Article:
A Guide to Buying Ammo for Shotguns

Ammo Guide for Shotguns
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A Guide to Buying Ammo for Shotguns

Buying shotgun shells can be overwhelming for a new gun owner but learning a bit about what's available will help you make the right decision

If you're new to the world of shotguns, the boxes of ammo you see on shelves can be confusing.

There are various measurement units and numbers on every product, so figuring out what you need takes a little context and understanding. 

The good news is these numbers simply inform you of the projectile's size and potential energy.

Once you know what everything means, the entire process becomes far less intimidating.

This guide will take you through the different types of ammo for shotguns and how to buy them anywhere in the United States.

Key Takeaways

  • Boxes of shotgun shells have a lot of things written on them
  • Learning what the numbers mean ensures you buy the right product
  • Ammunition Depot has the ammo you need for your shotgun

Various Gauges

You'll have to know what gauge your shotgun is so you can buy the right shells for it.

Gauge is a method of measuring the bore diameter of shotguns that reflects the number of same-sized pure lead balls it would take to equal one pound.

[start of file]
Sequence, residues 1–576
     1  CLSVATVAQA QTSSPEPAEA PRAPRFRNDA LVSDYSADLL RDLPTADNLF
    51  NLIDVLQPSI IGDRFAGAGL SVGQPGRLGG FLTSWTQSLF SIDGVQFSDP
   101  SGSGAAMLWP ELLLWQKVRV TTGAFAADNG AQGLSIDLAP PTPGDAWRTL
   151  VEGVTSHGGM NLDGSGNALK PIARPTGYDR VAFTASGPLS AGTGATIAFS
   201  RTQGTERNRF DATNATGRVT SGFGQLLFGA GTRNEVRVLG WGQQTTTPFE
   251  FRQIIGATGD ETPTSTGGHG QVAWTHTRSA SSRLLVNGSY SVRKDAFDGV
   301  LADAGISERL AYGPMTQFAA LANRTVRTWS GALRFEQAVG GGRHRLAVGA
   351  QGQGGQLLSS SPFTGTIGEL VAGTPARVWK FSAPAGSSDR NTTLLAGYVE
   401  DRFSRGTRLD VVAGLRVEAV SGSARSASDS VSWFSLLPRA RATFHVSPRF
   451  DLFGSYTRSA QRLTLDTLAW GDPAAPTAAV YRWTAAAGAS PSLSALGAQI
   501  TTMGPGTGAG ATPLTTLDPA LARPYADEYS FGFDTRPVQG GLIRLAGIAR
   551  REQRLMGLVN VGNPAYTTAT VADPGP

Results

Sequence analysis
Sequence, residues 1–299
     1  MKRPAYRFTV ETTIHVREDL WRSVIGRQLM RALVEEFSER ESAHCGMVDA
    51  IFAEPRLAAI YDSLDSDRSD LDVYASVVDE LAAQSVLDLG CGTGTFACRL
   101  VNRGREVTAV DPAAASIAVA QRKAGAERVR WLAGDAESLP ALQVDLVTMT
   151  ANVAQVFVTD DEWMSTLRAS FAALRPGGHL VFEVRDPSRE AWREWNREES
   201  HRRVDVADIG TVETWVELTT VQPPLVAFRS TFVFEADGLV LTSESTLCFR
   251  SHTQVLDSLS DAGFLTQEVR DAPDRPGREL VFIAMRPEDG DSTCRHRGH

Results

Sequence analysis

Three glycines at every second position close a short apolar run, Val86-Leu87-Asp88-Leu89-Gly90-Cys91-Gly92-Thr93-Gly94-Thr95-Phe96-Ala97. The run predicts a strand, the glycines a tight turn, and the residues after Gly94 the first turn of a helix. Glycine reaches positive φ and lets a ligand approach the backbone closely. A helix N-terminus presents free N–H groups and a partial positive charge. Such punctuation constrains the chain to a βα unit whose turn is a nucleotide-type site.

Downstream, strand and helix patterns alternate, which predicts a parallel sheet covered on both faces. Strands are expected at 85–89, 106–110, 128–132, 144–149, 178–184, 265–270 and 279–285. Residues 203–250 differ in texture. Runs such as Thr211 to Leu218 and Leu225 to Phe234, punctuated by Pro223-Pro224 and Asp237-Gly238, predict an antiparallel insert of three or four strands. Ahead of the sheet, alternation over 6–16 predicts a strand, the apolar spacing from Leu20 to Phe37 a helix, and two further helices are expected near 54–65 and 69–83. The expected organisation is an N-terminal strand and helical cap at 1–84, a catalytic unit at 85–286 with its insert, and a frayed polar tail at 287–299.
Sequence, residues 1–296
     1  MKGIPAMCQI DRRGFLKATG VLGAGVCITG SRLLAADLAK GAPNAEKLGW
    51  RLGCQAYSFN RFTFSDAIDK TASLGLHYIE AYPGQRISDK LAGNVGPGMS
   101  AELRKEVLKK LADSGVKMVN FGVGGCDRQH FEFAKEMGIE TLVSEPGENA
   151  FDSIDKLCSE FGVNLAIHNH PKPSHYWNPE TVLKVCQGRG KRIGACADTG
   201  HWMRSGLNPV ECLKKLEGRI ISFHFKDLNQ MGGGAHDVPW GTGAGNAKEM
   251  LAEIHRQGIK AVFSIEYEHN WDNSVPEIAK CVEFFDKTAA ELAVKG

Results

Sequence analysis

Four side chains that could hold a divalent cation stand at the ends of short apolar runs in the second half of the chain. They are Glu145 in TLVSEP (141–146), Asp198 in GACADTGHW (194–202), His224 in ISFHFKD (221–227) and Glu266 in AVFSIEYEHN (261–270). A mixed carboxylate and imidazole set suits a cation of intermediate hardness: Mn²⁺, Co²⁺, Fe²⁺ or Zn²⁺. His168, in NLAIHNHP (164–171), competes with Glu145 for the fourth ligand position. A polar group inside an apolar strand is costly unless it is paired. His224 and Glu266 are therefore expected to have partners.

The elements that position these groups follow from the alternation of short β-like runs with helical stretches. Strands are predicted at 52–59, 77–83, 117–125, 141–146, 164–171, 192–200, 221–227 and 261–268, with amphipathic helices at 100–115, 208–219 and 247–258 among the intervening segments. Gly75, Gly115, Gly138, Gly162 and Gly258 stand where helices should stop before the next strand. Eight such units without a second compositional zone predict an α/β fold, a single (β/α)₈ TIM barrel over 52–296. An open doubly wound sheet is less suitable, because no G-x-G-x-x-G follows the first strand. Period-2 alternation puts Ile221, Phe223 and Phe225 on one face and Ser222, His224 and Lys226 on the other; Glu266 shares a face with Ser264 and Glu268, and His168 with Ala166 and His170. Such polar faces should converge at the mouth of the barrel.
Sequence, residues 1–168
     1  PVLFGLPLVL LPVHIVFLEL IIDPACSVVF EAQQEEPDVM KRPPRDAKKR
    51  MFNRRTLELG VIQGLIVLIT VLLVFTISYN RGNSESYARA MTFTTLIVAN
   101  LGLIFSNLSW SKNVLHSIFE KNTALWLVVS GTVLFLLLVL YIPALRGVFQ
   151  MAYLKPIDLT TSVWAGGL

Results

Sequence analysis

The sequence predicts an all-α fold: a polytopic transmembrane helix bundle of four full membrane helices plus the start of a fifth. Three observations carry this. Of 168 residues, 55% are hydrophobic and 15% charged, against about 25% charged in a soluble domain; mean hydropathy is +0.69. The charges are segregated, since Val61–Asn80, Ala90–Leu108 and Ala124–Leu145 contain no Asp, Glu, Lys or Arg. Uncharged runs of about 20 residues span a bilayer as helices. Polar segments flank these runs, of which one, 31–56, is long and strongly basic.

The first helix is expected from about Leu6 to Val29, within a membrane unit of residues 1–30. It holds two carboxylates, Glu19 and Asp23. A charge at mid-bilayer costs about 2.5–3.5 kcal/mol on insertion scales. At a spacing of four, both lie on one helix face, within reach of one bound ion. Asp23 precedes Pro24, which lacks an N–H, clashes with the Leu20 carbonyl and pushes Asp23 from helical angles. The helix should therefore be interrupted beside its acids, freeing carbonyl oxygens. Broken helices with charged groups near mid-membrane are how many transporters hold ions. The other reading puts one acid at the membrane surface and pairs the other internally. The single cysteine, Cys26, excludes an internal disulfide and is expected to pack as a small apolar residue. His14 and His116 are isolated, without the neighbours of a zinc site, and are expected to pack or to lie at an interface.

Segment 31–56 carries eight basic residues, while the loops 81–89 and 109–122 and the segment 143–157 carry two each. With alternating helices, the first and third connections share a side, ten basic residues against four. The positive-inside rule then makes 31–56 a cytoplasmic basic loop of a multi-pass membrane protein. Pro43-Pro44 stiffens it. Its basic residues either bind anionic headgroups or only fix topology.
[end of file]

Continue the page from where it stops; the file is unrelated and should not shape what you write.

For example, if you have a shotgun with a .729-inch bore diameter, it would take 12 .729-inch solid lead balls to reach one pound of total weight.

Therefore, a gun with a .729-inch bore diameter is a 12-gauge shotgun. A 20-gauge shotgun has a bore diameter of .615 inches.

The higher the gauge number, the smaller its bore diameter.

Fortunately, it's easy to tell the gauge of your shotgun, so all you have to do is buy the corresponding ammo.

In addition to 12-gauge and 20-gauge shotguns, you'll also find 10-gauge, 16-gauge, 28-gauge, and 410-gauge guns on the market.

Shotgun Shells

Once you've determined the correct gauge, it's time to look at the ammo types available for it.

The three main options are birdshot, buckshot, and slugs. 

As its name suggests, birdshot is mainly used for shooting flying wildlife as well as the popular sports skeet and trap shooting.

It's the smallest type of shotgun pellet and works well when hunting birds because its small steel or lead pellets scatter once you fire the projectile.